My mother's family moved to Indiana when she was seven years old. She was born in Magoffin County, Kentucky, in the Appalachians, where the Hatfields and McCoys feuded, where ultra-fundamentalist churches handle snakes, where everyone goes barefoot and listens to Country-Western music and rides around in red pickup trucks.
My Uncle El was old enough to stay behind, working on the farm, then for the gas company, marrying, and having a huge number of children -- 12 in all. Three were my age or a little older, El, Graydon, and Dayton.
We met in Indiana, at my Uncle Paul's wedding, where we saw the Naked Man in the Peat Bog.
During the summer after 7th grade, my parents and I drove down to visit. I liked hanging out with them so much that for years I thought of Kentucky as a "good place," where same-sex desire was open and free.
I didn't see them again. When I was a kid, we always went to Indiana to visit our other relatives instead, and when I was living in West Hollywood and New York, I flew back to Illinois twice a year to see my parents and brother and sister. There was no time for Kentucky. And the years passed and passed and passed.
I got my Ph.D. I moved to Florida. I hadn't seen them for 30 years.
At Christmastime in 2004, I was back in Rock Island for the holidays, when the phone rang. My Uncle El had died on January 1st, his birthday. Did I want to drive down for the funeral?
I had only met him twice, but I wanted to go. I wanted to see Kentucky again.
Was Kentucky still a "good place"? Not hardly.
Graydon, now 43, was working for the power company in Michigan. Dayton, 45, and El, 47, ran an auto repair place in Mayville, Kentucky. They were all married with children, and some grandchildren.
My parents cautioned me to not "talk about guys" (their code for "gay topics"), lest the Bible Baptists lynch me, so when I was asked "Where's your wife?" and "Did you leave your wife back in Florida?", I replied with a vague "Oh, I'm not married."
When I was asked "How old are your kids?", I replied with a vague "Oh, I don't have any kids."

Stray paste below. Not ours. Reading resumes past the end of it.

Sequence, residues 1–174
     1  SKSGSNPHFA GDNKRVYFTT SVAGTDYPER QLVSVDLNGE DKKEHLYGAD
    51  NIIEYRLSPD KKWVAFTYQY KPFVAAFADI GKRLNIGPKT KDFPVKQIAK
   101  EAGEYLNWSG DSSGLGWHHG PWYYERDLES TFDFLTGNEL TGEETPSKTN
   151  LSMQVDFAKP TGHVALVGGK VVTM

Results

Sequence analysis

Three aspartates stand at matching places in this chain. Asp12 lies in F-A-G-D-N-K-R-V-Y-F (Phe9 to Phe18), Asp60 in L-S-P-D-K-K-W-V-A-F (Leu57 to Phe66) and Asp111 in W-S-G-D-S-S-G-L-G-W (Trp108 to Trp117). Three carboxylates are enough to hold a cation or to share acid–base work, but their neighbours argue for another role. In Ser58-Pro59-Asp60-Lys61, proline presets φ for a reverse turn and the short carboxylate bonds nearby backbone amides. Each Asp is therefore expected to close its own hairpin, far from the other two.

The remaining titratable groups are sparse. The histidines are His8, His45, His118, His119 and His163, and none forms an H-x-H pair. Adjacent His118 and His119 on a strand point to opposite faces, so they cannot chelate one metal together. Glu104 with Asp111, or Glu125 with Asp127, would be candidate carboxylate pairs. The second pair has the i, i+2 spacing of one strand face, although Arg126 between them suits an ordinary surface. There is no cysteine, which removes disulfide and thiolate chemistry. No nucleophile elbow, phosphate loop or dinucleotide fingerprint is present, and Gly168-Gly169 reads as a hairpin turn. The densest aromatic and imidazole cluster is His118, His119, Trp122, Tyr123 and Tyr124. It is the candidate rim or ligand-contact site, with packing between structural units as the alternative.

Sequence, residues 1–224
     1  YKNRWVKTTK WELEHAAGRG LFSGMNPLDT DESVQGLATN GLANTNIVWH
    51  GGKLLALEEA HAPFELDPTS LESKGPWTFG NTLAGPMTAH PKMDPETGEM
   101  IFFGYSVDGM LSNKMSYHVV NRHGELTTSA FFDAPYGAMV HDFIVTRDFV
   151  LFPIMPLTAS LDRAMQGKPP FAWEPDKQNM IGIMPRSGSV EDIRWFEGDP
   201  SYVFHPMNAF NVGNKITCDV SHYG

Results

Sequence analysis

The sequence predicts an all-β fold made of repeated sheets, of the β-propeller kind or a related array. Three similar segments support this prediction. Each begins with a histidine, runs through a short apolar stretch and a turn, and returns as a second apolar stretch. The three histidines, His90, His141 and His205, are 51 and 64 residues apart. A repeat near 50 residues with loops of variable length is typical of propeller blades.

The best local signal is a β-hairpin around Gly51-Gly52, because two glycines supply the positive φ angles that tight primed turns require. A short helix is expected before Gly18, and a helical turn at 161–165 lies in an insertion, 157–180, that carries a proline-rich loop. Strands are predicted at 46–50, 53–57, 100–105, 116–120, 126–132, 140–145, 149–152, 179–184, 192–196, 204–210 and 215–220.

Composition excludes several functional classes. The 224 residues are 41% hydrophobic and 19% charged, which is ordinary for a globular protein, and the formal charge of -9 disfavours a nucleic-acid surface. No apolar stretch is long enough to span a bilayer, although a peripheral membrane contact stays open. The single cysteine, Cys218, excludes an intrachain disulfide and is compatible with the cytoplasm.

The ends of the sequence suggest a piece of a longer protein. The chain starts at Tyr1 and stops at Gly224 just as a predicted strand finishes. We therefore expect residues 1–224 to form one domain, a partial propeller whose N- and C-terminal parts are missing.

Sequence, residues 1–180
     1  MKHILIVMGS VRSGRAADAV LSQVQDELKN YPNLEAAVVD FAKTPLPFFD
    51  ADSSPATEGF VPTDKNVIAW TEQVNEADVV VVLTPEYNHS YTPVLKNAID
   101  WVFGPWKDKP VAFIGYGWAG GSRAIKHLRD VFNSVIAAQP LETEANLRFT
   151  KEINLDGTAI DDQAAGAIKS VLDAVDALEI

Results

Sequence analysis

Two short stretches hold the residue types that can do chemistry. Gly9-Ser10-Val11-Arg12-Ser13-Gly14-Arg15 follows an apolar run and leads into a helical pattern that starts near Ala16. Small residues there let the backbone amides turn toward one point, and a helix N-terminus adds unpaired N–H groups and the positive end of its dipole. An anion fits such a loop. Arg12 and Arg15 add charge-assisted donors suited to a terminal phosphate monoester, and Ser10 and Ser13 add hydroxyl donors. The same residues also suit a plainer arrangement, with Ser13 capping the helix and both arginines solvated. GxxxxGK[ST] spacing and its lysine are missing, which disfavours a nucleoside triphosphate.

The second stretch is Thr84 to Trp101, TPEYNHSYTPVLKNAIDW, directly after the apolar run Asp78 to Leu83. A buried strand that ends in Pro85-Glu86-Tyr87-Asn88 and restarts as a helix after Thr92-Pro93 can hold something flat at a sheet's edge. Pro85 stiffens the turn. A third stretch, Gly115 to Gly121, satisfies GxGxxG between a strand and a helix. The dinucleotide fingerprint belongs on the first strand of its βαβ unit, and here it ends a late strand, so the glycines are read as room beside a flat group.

When men gave me an inclusive nudge and exclaimed "You know how women are!" or "You know how wives are!", I responded with a noncommittal shrug.
Was there even a glimmer of gay potential in this paeon to heterosexual marriage and reproduction?
Maybe a glimmer.
1. Cousin Graydon and his wife were big fans of Will and Grace. "That Jack always cracks me up!"
2. I told Cousin El about Angels in America, the HBO miniseries about gay people that aired a couple of weeks ago, and he smiled politely.
3. Cousin Dayton introduced me to his 15-year old son, Joel, "a real lady's man!"
"Dad, that's lame!" Joel protested.
"But it's true! He's always hanging around with girls. He even joined the drama club at school, just so he'd have his pick of the girls."
"Dad! I joined drama club because I want to be an actor!"
Wants to be an actor? Always hanging around with girls?
"I lived in West Hollywood for 13 years," I said. "I know quite a bit about the movie business. When I get home, I'll send you some of my old books."
"That'd be cool," Joel said noncommittally, anxious to be rid of the oldsters.
When I got back to Florida, I sent Joel a box of books: a history of Hollywood, my old textbook from acting class, some Shakespeare and Ibsen, and "accidentally," Geography Club by Brent Hartlinger, about a teen who starts an undercover gay club at his high school.
He sent me a nice card, thanking me, but not mentioning Geography Club.
Some glimmers of gay potential.